We were asked to consider some form of performative action that related trying to lift the spirit of the devastated Canterbury region. One of the performances I devised was an endurance work which began at the Cardboard Cathedral, for me, it signified a point of departure that attempted to bring hope after the decimation of the Basilica and the Cathedral. This new, temporary cathedral building was an attempt to ameliorate the people who were distraught with their major landmarks being crumbled like biscuits at the fury of Ruaumoko (Māori deity of earthquakes).
I started sweeping the path I chose into and through the city with my humble Samoan hand broom made from the spines of coconut palm leaves. I was referencing my own background coming from a father who was a labourer, but also paying homage to the thousands of our people (Oceanic Moana diaspora) who are looked down at in many of the domestic cleaning jobs. It has been the hands of our peoples’ labour that cities have been cleaned up and rebuilt. I am proudly from working-class stock.
One of the major misrepresentations of Pasifika Oceanic peoples in film and television, stories and so on, is that Pacific people are passive, we are good church-going Christian people who smile and aim to please. This collaboration with my adult daughter, Faith Wilson, aimed to disable that narrative with our truth. We bashed and kicked Pinex boards until they shattered and broke in the performance. It was an aggressive performance, and it was far from smiles, hibiscus flowers, politeness and false representations of passive ‘island’ women.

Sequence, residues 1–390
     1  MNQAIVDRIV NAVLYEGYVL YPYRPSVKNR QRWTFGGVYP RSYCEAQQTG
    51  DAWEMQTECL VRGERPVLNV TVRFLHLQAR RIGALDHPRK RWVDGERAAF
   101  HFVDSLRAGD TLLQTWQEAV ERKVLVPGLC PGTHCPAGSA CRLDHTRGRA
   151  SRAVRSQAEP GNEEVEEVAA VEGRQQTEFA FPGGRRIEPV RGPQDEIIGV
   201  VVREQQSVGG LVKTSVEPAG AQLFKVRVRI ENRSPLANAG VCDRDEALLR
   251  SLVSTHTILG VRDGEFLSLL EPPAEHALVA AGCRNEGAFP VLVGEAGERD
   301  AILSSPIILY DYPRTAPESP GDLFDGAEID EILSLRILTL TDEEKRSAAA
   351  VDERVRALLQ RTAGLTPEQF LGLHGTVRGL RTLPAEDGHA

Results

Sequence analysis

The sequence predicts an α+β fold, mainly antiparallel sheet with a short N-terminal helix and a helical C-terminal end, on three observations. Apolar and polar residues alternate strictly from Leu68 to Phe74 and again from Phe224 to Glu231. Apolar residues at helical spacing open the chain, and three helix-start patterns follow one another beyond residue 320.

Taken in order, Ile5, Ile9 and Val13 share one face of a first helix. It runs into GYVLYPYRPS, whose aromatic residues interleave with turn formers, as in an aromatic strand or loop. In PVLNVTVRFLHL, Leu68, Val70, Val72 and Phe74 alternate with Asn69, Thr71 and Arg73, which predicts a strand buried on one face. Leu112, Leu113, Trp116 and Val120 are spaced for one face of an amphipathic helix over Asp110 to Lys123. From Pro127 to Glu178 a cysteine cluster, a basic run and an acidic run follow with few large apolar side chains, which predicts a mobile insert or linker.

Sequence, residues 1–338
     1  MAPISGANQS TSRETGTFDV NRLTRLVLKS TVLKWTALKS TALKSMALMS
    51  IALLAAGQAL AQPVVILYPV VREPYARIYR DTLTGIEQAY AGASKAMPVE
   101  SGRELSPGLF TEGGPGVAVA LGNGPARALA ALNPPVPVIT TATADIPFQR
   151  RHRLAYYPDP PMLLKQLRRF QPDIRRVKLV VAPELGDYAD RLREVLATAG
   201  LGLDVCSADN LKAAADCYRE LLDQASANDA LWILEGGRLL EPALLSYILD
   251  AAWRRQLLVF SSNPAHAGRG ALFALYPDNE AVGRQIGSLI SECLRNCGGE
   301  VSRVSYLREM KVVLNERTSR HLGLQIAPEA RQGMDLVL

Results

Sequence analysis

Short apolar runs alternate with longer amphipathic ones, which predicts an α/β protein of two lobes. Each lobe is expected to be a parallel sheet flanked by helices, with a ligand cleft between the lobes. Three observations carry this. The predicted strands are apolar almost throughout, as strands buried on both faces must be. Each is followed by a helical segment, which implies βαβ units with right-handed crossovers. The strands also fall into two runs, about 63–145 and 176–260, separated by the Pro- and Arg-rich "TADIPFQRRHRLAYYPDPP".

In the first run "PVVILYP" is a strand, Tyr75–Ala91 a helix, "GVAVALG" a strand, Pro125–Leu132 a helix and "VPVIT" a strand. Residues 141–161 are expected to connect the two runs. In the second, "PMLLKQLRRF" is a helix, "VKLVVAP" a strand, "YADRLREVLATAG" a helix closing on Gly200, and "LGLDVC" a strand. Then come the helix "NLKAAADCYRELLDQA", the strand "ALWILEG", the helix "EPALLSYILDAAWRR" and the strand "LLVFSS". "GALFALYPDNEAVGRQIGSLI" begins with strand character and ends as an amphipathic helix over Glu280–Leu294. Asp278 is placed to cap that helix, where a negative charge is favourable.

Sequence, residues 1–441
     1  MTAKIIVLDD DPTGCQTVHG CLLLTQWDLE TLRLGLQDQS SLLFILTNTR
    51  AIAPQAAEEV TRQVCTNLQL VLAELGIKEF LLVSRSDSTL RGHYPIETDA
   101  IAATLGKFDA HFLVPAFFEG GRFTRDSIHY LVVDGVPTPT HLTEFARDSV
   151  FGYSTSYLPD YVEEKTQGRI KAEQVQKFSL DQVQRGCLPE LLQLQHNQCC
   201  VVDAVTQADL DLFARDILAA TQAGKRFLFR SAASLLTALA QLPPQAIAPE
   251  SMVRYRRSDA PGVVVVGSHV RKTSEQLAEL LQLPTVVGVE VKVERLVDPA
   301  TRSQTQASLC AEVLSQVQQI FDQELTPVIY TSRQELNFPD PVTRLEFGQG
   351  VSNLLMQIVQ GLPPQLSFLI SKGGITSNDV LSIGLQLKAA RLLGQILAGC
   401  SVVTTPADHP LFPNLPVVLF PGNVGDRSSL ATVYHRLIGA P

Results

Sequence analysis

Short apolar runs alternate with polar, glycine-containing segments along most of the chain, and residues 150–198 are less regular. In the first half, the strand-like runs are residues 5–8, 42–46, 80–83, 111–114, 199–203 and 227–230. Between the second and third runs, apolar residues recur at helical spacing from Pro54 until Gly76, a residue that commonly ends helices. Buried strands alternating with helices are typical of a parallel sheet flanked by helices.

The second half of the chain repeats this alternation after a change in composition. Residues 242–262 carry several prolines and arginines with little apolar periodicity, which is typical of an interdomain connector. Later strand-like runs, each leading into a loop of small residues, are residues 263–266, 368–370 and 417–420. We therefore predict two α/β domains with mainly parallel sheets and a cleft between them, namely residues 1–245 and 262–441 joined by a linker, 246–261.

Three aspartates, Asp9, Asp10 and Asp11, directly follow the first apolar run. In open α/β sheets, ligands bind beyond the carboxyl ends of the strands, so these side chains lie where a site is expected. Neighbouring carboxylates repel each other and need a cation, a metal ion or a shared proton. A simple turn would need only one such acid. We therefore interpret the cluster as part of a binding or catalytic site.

Leafa Wilson – Biography
Leafa Wilson (Olga Krause) b.1966 in Tokoroa, Aotearoa New Zealand is a Waikato-based multi-media performance artist. She was the curator of art at Waikato Museum Te Whare Taonga o Waikato from 2004-2021 and an independent curator of her conceptual art space – olgahedwig.
In 2018, Wilson co-curated the Morni Hills International Performance Art Biennale held in Haryana and Chandigarh, India, where she was invited to in the inaugural biennale as performance artist in 2016. She has made performative works at The Government Museum of Chandigarh, The Stupa in Kurukshetra, 2016 and 2018 working alongside international artist such as Sushil Kumar, Adriana Disman, Gustaf Broms, Guillaume Marin-Dufour, Anirban Datta, Taufik Riaz, Uma Banerjee, Tara and Razieh Goudarzi, Harpreet Singh, among others. In 2019 she was invited to participate in KIPAF – Kolkata Independent Performance Art Festival, Kolkata at the Government College of Art and the Kolkata Film and Television Academy. Wilson collaborated in 2019 with London-based performance artist, Helena Goldwater for their joint work: Making Time, held at Raven Row, London and hosted by the InterIsland Collective.
Wilson is represented in numerous private and public collections including The James Wallace Collection, The Museum of New Zealand Te Papa Tongarewa, Waikato Museum Te Whare Taonga o Waikato, and The University of Waikato.